Vertical-specific tools help cater to specific business needs, again for a fraction of the cost of what each small business would require to build it on their own. For most SMBs from doctor’s offices to freight transporters to small retailers, adopting SaaS tools helps reaching larger audiences online, optimizing costs and streamlining processes with immediate benefits on the top and bottom line.
2. Big data and disruptive high-technology
Big data services for business
Big data isn’t a binary state of analytics that companies either “have” or “don’t get”. It is an ever-moving frontier down the continuous journey of how organizations leverage information at scale. The term was coined to describe the new paradigms needed to tackle the scale of data output by digital businesses in the early 2000’s. Leveraging more information drives more value, it was true then and has remained so today, with no slowdown in sight.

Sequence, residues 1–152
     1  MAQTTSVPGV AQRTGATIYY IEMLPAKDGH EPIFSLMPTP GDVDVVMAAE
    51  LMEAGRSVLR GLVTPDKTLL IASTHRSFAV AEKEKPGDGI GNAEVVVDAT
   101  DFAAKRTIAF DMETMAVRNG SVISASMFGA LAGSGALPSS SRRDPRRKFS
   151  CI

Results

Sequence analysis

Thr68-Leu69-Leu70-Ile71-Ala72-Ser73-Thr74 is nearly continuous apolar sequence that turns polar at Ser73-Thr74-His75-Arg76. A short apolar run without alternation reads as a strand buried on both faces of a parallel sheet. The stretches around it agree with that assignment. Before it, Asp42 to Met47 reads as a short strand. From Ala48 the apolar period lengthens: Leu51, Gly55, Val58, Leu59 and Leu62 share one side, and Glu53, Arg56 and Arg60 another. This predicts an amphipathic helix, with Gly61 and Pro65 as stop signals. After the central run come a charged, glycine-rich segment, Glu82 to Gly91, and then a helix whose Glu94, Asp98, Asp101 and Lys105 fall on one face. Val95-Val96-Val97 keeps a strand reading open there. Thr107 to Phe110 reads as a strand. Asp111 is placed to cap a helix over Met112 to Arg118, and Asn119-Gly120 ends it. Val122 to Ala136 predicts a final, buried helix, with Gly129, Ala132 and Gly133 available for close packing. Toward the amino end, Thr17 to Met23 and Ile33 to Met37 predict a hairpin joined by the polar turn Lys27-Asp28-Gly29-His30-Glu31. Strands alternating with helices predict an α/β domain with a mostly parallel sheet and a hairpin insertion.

The technical aspects of capturing data get exponentially harder with the 3 Vs that make data BIG data: its Volume, Velocity and Variety. Yet mastering them faster than the competition always yields strategic advantages and has now become the “new normal” of business intelligence. This arms race of managing the information at the lower, technical level is slowly being replaced by a more recent one at the business level: Improving the Value, Veracity and Visualization aspects. These higher-level V’s are the new limiting factor in the ability of businesses to derive more value from their big data. And thus, they constitute a new competitive edge. What good is it to crunch zettabytes of fast-streaming unstructured data if a business doesn’t have the capability to visualize the insights as quickly, check its trustworthiness and tie it directly to revenue?